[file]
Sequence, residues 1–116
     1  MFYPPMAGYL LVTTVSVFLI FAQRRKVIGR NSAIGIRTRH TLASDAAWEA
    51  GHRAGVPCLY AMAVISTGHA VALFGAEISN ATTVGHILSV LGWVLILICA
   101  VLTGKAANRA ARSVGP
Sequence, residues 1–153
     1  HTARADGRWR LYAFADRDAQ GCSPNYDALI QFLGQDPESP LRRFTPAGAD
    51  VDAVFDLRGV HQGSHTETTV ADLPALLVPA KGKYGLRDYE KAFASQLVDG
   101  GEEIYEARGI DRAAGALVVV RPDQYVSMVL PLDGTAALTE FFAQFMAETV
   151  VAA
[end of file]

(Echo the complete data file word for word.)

Sequence, residues 1–116
     1  MFYPPMAGYL LVTTVSVFLI FAQRRKVIGR NSAIGIRTRH TLASDAAWEA
    51  GHRAGVPCLY AMAVISTGHA VALFGAEISN ATTVGHILSV LGWVLILICA
   101  VLTGKAANRA ARSVGP
Sequence, residues 1–153
     1  HTARADGRWR LYAFADRDAQ GCSPNYDALI QFLGQDPESP LRRFTPAGAD
    51  VDAVFDLRGV HQGSHTETTV ADLPALLVPA KGKYGLRDYE KAFASQLVDG
   101  GEEIYEARGI DRAAGALVVV RPDQYVSMVL PLDGTAALTE FFAQFMAETV
   151  VAA